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Victoria urged to sell naming rights for city facilities

Feb 10 2012

First came Save-on-Foods Memorial Centre. Is the Island Farms Victoria Conference Centre next?

Victoria councillors are being asked to consider selling naming rights for city facilities such as Royal Athletic Park and the Victoria Conference Centre.

"This is dead simple money," said Coun. Marianne Alto, who has been working on policy proposals dealing with corporate sponsorship for city facilities since last summer.

Alto said the proposals will attempt to balance attracting revenue with the goals, values and principles of the city. Key concerns will be retaining council's ability to exclude corporations and other entities that don't meet the city's values and principles, and to be able to manage the message. "You want to be able to enable the council of the day to say: 'That doesn't fit with whatever our current values are.' "

In 2004, the Jim Pattison Group agreed to pay $1.25 million over 10 years to put the Save-on-Foods name on Victoria's new arena.

But aside from that deal, Victoria has a policy against corporate naming of civic facilities, said Coun. Chris Coleman, chairman of the city's corporate services standing committee.

Two years ago, a majority of Victoria councillors nixed the idea of selling naming rights for the conference centre.

There's no shortage of people wanting to use bare city building walls to push their brand.

Councillors on Thursday heard a pitch from Clair Hawkins, of Parkads, who wants to put a series of six mini-billboard-style advertising spaces on the interior walls of the city's five parkades.

Hawkins estimated annual revenue of $120,000 from the 30 spots, and he proposed the city could take 20 per cent for providing the space.

Councillors referred the proposal to a meeting next month when they will discuss naming rights.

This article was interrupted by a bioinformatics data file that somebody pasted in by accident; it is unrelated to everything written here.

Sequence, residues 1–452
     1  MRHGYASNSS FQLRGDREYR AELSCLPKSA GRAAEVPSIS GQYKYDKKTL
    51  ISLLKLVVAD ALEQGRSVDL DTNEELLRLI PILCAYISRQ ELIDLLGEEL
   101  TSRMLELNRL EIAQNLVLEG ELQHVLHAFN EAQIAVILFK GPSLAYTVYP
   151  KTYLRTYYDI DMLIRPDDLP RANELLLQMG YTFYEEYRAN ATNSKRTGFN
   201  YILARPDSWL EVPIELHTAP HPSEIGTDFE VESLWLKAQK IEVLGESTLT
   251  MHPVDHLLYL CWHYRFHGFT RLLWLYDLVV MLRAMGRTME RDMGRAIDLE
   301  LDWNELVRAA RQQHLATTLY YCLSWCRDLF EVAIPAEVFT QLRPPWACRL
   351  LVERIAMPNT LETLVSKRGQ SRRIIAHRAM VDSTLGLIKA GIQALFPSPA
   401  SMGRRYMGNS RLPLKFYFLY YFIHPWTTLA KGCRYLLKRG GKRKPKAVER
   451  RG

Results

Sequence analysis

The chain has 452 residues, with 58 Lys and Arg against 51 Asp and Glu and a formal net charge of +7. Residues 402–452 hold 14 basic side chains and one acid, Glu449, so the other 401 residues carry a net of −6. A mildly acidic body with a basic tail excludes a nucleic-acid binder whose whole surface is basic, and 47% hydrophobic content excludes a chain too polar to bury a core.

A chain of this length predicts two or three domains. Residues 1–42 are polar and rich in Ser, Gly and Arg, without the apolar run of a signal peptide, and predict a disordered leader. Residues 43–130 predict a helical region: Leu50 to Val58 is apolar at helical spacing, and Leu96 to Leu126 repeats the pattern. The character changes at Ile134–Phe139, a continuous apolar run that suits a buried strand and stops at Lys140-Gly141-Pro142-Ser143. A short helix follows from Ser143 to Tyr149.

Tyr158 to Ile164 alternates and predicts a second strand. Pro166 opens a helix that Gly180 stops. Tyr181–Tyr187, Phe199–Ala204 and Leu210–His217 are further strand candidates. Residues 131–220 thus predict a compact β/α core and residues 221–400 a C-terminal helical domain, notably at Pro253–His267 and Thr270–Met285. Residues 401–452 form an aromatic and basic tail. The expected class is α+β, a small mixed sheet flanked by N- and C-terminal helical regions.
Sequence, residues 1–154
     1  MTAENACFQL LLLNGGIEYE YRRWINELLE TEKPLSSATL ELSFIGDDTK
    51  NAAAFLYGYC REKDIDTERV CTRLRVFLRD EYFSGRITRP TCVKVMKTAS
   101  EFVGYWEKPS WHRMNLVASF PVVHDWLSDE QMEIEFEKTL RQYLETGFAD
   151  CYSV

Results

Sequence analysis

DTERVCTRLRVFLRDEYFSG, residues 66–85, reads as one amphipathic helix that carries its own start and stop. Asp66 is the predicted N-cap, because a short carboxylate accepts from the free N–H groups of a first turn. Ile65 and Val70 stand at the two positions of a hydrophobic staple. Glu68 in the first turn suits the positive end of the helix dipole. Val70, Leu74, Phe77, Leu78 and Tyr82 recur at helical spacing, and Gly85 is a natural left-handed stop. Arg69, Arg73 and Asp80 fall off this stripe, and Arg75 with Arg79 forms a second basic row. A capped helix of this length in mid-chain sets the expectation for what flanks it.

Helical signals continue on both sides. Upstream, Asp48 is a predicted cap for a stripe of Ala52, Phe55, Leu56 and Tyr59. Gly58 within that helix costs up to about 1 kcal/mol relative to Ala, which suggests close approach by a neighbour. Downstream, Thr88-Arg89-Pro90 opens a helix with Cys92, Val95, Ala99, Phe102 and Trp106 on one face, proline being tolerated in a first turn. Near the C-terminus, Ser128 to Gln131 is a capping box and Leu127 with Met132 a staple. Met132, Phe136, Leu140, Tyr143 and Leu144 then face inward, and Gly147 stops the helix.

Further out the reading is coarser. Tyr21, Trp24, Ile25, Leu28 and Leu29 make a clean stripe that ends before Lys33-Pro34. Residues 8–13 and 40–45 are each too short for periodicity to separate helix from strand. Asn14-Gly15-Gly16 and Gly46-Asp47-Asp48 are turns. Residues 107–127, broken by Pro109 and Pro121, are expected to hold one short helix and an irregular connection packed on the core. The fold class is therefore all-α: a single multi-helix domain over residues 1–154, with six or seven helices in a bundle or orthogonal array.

"It's about trying to find other revenue streams, Coleman said. "Corporate naming rights would be one, but you can do other contracts."

Alto said that aside from the conference centre, Crystal Pool and Royal Athletic Park, there aren't a lot of city facilities that lend themselves to the idea. But, she said, $1 million a year roughly translates into a one per cent tax lift.

"So if you can, amongst three or four facilities, bring in net $1 million a year in free revenue, you've just said to the taxpayers, we don't have to put it up five per cent, you can go to four. So it has a huge impact if you manage it properly."

Earlier this year, Salmon Arm's twin-sheet arena, known as Sunwave Centre since it opened 11 years ago, was renamed Shaw Centre — a name reflecting the recent buyout of Sun Country Cablevision by Shaw Communications.

Prior to the buyout, Sun Country Cablevision and Sunwave High Speed Internet renewed their commitment for naming rights to 2020. The renewal for the second 10 years was for $415,000, which makes the total commitment for naming rights $815,000 over 20 years.

Locally, Bear Mountain paid $250,000 over 10 years to have the golf resort's name put on the rink at the Juan de Fuca Recreation complex in Colwood.


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